Study of Splenda's negative effects draws critique

by FoodBusinessNews.net Staff
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DURHAM, N.C. — Splenda may suppress beneficial bacteria in the gut and interfere with the bioavailability of drugs, according to results of a study performed by researchers at the Duke University Medical Center in Durham and funded by The Sugar Association, Inc., Washington.

McNeil Nutritionals, L.L.C., Fort Washington, Pa., makes Splenda sweeteners. The company said it had a panel of independent experts in the areas of toxicology, pathology, endocrinology, nutrition and principles of scientific research review the study. The panel concluded the study had flaws and that data presented in the study failed to support the researchers’ conclusions.

The study, called "Splenda Alters Gut Microflora and Increases Intestinal P-Glycoprotein and Cytochrom P-450 in Male Rats," appears on-line in the Journal of Toxicology and Environmental Health. The study used Splenda no-calorie sweetener, granular from McNeil Nutritionals. Its contents were 1.1% sucralose, 1.08% glucose, 4.23% moisture and 93.59% maltodextrin.

The rats were divided into five groups: a control group, rats fed 100 mg of Splenda daily, rats fed 300 mg of Splenda daily, rats fed 500 mg of Splenda daily and rats fed 1,000 mg of Splenda daily. The intake of Splenda by rats significantly reduced the number of indigenous intestinal bacteria in the gut, with the greatest suppression for the generally beneficial anaerobes such as bifidobacteria and lactobacilli, the researchers said.

The researchers also said Splenda consumption increased the expression of the intestinal chemical transporter P-glycoprotein (P-gp) and two CYP450 isozymes (CYP3A4 and CYP2D1) at levels associated with reduced bioavailability of drugs and chemicals.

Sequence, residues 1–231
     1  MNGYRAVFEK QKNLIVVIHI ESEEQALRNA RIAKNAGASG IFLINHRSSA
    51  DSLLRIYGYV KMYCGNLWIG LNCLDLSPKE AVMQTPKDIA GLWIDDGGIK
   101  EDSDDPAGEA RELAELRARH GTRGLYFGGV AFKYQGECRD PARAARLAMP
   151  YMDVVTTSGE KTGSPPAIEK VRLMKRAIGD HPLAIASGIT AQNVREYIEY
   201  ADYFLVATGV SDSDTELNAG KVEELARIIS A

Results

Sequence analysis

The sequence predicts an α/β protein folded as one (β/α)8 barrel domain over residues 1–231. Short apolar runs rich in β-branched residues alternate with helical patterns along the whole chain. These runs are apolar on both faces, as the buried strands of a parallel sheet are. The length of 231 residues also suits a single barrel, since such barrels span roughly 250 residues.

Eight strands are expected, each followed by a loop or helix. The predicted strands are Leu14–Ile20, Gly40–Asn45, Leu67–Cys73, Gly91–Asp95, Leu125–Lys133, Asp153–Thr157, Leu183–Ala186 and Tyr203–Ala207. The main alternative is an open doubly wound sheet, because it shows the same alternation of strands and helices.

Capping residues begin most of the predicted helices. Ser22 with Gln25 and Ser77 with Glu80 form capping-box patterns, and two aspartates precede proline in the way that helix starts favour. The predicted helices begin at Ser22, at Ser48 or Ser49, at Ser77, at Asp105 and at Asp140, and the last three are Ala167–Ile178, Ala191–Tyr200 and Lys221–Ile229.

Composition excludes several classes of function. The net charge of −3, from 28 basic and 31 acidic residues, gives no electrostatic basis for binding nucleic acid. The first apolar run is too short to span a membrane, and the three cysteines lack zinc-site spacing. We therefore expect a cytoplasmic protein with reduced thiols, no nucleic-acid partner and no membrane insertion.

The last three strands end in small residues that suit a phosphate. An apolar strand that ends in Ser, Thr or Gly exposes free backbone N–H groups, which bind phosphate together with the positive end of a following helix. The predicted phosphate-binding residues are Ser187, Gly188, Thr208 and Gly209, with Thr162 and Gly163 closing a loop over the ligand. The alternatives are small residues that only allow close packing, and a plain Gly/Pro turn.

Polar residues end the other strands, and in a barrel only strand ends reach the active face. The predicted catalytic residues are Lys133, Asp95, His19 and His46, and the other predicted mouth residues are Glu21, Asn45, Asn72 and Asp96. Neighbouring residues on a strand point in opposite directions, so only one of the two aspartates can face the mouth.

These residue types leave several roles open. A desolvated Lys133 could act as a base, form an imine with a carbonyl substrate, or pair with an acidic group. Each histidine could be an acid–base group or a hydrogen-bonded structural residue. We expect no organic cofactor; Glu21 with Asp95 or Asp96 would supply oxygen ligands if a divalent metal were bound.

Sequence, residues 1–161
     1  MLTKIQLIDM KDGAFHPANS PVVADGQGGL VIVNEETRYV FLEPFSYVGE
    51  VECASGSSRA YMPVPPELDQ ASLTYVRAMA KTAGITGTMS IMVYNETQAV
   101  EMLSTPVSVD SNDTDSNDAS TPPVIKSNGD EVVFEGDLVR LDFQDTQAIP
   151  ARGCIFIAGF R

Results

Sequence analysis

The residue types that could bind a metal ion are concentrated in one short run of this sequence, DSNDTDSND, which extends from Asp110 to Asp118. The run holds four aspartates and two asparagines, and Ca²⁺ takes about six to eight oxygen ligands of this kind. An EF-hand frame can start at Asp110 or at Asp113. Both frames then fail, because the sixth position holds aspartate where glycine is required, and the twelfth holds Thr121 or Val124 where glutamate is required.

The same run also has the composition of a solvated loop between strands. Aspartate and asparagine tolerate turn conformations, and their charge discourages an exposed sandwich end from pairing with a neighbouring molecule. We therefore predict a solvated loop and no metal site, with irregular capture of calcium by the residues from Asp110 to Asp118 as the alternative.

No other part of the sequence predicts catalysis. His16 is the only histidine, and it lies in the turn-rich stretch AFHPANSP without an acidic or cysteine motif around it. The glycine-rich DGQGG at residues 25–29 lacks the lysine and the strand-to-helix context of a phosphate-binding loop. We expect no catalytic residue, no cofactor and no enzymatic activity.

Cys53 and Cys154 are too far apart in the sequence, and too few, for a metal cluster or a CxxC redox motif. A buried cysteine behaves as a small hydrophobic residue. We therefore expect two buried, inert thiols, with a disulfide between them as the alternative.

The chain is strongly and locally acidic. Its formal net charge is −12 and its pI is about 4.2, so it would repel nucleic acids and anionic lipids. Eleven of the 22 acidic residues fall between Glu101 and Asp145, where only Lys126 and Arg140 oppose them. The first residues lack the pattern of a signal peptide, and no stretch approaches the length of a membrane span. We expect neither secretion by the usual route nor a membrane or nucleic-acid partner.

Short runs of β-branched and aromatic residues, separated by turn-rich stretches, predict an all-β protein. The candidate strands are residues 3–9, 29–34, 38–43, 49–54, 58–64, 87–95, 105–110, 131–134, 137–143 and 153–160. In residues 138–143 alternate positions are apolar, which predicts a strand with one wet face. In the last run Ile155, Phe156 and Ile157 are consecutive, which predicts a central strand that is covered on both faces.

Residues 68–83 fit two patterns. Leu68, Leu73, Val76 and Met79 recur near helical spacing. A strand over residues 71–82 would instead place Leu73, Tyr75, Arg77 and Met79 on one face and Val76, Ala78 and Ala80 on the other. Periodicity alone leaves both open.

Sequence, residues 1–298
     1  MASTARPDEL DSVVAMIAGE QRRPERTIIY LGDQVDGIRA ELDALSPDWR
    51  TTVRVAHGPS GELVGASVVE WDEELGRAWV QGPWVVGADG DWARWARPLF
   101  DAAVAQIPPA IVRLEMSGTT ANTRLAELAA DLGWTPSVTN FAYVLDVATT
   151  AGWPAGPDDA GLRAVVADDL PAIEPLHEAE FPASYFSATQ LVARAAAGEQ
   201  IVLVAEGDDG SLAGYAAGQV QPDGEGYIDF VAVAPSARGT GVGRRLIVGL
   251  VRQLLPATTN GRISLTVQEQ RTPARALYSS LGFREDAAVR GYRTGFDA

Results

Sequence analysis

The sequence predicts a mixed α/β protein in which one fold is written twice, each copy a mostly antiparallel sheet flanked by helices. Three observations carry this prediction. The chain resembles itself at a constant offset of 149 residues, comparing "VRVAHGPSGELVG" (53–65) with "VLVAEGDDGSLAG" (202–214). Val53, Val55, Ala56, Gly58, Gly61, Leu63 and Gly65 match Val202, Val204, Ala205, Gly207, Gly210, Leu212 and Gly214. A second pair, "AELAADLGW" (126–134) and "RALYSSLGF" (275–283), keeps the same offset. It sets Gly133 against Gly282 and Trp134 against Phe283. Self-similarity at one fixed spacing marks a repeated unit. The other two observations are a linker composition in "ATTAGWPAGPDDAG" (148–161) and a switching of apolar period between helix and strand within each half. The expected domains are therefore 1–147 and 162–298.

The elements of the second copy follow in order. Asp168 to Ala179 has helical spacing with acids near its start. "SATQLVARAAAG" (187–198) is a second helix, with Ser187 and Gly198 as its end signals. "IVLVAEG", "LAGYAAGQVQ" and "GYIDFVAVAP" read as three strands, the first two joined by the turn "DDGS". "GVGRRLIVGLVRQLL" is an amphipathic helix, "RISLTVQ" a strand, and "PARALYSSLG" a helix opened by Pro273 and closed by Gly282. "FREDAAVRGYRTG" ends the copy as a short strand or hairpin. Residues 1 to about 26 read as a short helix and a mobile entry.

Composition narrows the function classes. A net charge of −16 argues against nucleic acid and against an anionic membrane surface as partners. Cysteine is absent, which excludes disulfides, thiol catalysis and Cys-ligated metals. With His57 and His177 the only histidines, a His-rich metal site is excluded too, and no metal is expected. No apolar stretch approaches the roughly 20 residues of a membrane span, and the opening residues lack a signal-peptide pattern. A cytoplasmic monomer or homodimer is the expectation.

The panel put together by McNeil Nutritionals said the study provides no evidence that sucralose has an effect on enzymes known to be involved at times in drug absorption and that there was no test of sucralose on drug or nutrient absorption or bioavailability.

All control and Splenda-treated animals gained weight over 12 weeks. The mean rise in body weight from baseline to 12 weeks was 93.1% for control, 104% for rats eating 100 mg of Splenda daily, 100.7% for rats eating 300 mg of Splenda daily, 101.5% for rats eating 500 mg of Splenda daily and 88.5% for rats eating 1,000 mg of Splenda daily.

The panel put together by McNeil Nutritionals said the study’s investigators failed to measure the rats’ intake of food and water. The panel added the study’s authors ignored studies in rats that show sucralose has no adverse effects at doses equivalent in sweetness to over 40 lbs of sugar per day for an average-weight person.

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